Kansas junior Marcus Garrett’s reputation as a lockdown defender dates back to elementary school
photo by: Associated Press
The first time Matt Watts realized his nephew Marcus Garrett could really play defense came when Garrett was 8 years old.
Playing with kids his own age, for his uncle Nakia Gibbs’ parks and rec squad in Dallas, Garrett, now a junior at Kansas, wanted to make the jump to Watts’ team.
One problem: Watts’ team featured players a lot older than Garrett, who on Wednesday was named college basketball’s Naismith Defensive Player of the Year.
The three- and four-year age gap hardly mattered to Garrett, who believed he could hang with anybody. But Watts had to see it before he would entertain the idea of letting Garrett join his team.
So one day, after one of his practices, Watts set up a one-on-one game between Garrett and a seventh grader who was averaging around 20 points per game.
“I just remember telling Marcus, ‘If you can take my best player and stop him from scoring, I’ll let you play on this team,'” Watts recalled during a Wednesday evening phone conversation with the Journal-World.
The stakes were set. The showdown was arranged. One-on-one. First one to five wins. No whining. No questions asked.
“They checked the ball up and Marcus took his ball and went down and laid it in,” Watts recalled with a laugh.
It only got worse from there.
“After the first one, the other kid was like, ‘OK, that was luck,'” Watts recalled. “But Marcus beat him 5-0 and he had four steals.”
True to his word, Watts allowed Garrett play up and helped shape him into a player good enough to average a triple-double his senior season at Skyline High in Dallas and tough enough to become a defensive stopper for Bill Self at Kansas.
The kid he beat went on to win a state title at DeSoto High and earned a scholarship to Wake Forest.
From then on, Watts put his nephew at the top of his press and Garrett collected “10 or 12 steals a game,” the way Watts remembered it.
“And that was when he was an 8-year-old playing against 12-and-under teams,” Watts said. “He’s always been that type of kid that took pride in playing defense. He didn’t want to get scored on. He wanted those bragging rights and to be able to say, ‘My man didn’t score on me.'”
According to Gibbs, that mentality was a part of Garrett’s game as far back as 4 years old.
“Back then, at 4, 5 and 6, you couldn’t go across half court to pressure on defense,” Gibbs told the Journal-World in a Thursday morning phone interview. “So Marcus set up right at half court and waited for them. He wasn’t going to wait back at the 3-point line.”
Another aspect of Garrett’s lockdown defense that emerged at an early age was his ability to guard taller, bigger players. And his first test was a talented Dallas native named Elijah Thomas.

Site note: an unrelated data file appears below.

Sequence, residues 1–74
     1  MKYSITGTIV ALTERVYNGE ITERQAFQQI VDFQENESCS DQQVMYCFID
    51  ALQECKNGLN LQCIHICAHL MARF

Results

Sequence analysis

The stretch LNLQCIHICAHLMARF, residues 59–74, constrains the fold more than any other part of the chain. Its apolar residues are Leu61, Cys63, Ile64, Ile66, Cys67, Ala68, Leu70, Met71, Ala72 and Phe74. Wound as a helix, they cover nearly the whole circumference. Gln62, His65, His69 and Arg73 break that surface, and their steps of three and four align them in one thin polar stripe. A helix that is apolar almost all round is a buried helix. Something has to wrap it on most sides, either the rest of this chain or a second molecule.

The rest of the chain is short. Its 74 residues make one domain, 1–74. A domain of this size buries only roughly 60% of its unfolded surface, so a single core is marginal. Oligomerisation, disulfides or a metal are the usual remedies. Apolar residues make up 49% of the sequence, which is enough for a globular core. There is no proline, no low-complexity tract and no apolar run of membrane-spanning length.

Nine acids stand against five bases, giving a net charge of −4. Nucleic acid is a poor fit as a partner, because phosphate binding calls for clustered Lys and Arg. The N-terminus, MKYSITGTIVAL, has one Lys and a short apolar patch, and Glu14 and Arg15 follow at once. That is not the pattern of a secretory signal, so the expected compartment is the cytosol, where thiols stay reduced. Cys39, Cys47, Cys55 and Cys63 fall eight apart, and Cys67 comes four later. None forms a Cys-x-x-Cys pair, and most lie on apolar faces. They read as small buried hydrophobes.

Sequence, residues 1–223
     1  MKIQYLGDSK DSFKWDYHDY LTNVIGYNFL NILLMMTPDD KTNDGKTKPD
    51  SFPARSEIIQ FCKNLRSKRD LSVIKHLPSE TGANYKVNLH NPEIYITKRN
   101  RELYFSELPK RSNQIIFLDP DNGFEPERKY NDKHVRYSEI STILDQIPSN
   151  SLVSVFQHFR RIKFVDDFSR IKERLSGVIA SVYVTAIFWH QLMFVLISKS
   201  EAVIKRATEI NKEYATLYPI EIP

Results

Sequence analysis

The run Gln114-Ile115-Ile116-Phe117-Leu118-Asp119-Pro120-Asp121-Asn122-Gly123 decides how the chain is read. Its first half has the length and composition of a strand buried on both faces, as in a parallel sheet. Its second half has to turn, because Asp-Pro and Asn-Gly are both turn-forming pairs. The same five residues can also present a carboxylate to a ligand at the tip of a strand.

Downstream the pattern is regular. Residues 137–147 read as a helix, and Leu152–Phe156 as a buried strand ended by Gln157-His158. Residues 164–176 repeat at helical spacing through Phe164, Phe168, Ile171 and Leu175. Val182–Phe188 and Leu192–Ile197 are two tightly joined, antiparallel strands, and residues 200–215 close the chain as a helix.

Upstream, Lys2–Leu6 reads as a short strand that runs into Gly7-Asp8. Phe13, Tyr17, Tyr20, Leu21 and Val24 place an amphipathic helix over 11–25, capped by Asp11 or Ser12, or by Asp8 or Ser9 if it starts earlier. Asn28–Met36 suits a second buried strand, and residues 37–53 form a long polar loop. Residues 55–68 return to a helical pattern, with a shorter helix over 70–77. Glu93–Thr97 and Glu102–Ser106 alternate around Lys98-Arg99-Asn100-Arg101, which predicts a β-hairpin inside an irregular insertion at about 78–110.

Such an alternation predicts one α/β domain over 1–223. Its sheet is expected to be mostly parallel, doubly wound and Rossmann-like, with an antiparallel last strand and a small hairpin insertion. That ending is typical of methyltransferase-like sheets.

“Big Elijah was the biggest thing in the league,” recalled Gibbs of the power forward who went on to play at Clemson. “And we didn’t have any size on our team, so guess who had to guard him? Marcus. At 4 years old.”
Despite being more than two years younger and standing a full head and shoulders below him, Garrett held his own and never backed down from Thomas.
“The size of the other guy has never mattered to him,” Gibbs said. “It’s always been can he play? Marcus has always been a dog. And he never really had a choice but to be a dog because I don’t do poodles.”
Because of that, Wednesday’s award came as no surprise to Gibbs and Watts.
Watts said he received dozens of text messages shortly after the Wednesday morning announcement. And just hearing the words “defensive player of the year” took him back to his own thrill of being named the junior college defensive player of the year prior to his Division I career at San Diego State.
“I told him, ‘This is sweet,'” Watts said. “To win defensive player of the year, that’s something that takes a lot of effort, just to want to go and lock up everyone and do whatever your team needs to win.”
Garrett knew that, of course. He also was not in the mood to break character and start bragging about himself.
“He just text me back and said, ‘Thanks, unc,'” Watts said. “So I told him, ‘If you’re not going to show any emotion, I’m going to show you some.’ And I sent him a bunch of emojis and things like that.”
With just one year remaining in his career at KU, Watts said he expected Garrett’s focus for the 2020-21 season to be sharper than ever.
Watts said Garrett considered testing his stock with the NBA but has decided to skip that step to focus on delivering his best season at Kansas
He still plans to be the team-first, whatever-it-takes-to-win type of player KU fans know. But, as a senior, he also plans to be more assertive when the time calls for it.
“Every time he’s come home, he’s played basketball nonstop,” Watts said. “And I told him maybe this is the time to switch it up and be a little selfish. Maybe it should be, ‘I’m just focused on strictly shooting, focused on my body, focused on eating right and staying healthy.’
“He wants to go back for his senior season and really enjoy playing for coach Self, but also to improve in every way he can. I think his senior year is going to be very special because he has a lot to prove.”